Woolworths started to expand into liquor businesses with the acquisition of Dan Murphy's in 1998. By 2001, the BWS chain had been established. With Queensland licensing laws dictating that retail outlets must be operated by a hotelier, Woolworths moved into the hotel industry in 2005 in a joint venture with experienced hotel operator Bruce Mathieson, purchasing hotelier Australian Leisure and Hospitality Group (ALH). Later in 2005 the ALH Group expanded its portfolio to 250 hotels by acquiring the Taverner Hotel Group and the Bruce Mathieson Group. The ALH Group is 25% owned by Bruce Mathieson and 75% owned by Woolworths. Statistics provided during the acquisition of the Taverner group showed that over one third of sales are made up of gaming/poker machine takings. The number of poker machines owned by Woolworths and Bruce Mathieson after ALH acquisitions was 10,722.
In 2006, the company had three major events:
- in June it opened a buying office in Hong Kong to cut out the intermediary in sourcing foreign-produced items;
- it announced a venture with the Tata Group in India to introduce Dick Smiths Electronics stores to that country;
- in September it announced that it had taken a 10% strategic stake in the The Warehouse Group in New Zealand.
In 2006, Woolworths rolled out new Retalix point of sale systems running on IBM POS hardware with LCD touchscreens throughout all its stores. These self-serve checkouts were initially trialled in Carlingford, NSW.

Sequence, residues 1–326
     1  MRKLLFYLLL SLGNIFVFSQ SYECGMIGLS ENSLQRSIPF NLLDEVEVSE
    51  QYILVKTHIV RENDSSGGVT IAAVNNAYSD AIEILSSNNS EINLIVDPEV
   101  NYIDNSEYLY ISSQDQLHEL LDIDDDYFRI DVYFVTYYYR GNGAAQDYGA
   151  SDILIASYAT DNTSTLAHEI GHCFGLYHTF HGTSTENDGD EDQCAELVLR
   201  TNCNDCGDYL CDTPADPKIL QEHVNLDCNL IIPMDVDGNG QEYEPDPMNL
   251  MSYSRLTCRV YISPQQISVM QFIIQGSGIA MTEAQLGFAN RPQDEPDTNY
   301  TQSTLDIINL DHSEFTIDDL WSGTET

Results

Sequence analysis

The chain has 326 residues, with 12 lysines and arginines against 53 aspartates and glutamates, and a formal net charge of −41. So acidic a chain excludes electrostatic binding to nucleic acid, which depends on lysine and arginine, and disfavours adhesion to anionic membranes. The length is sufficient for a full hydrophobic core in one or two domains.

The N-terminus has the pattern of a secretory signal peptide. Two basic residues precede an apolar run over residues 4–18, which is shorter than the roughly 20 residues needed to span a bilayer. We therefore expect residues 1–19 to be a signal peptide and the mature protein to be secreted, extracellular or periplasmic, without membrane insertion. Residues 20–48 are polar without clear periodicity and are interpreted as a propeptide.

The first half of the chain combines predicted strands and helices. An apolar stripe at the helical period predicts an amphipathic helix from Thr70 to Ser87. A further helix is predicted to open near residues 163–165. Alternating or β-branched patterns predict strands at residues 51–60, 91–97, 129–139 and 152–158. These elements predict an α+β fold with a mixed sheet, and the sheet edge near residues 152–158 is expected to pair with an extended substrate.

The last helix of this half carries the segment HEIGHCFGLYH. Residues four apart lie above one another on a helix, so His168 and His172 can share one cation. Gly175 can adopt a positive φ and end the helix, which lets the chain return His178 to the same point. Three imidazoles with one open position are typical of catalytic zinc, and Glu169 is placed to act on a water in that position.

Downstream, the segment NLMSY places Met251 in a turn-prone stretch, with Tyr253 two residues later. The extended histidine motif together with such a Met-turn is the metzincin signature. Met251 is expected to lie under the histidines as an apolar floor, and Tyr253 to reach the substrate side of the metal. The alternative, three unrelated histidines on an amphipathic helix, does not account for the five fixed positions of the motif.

In August 2007, Woolworths announced that it was planning to launch a general purpose credit card in 2008. It is expected to offer credit cardholders reward vouchers redeemable through its store network. HSBC was subsequently named as its credit card partner. Woolworths subsequently announced that the Woolworths Everyday Money MasterCard would be launched on 26 August 2008 and allows customers to earn shopping cards redeemable at Woolworths group retailers. It was suggested Woolworths could earn approximately $20m from credit cards in three years and that it was targeting 100,000 to 150,000 cardholders in the first year.
Into 2008, a Wake Up Woolworths campaign, largely funded by the Construction, Forestry, Mining and Energy Union, was pushing Woolworths to sever its relationship with Asia Pulp & Paper over claims of deforestation of Indonesian rainforests. Asia Pulp & Paper supplies Woolworths' Select Brand tissue products.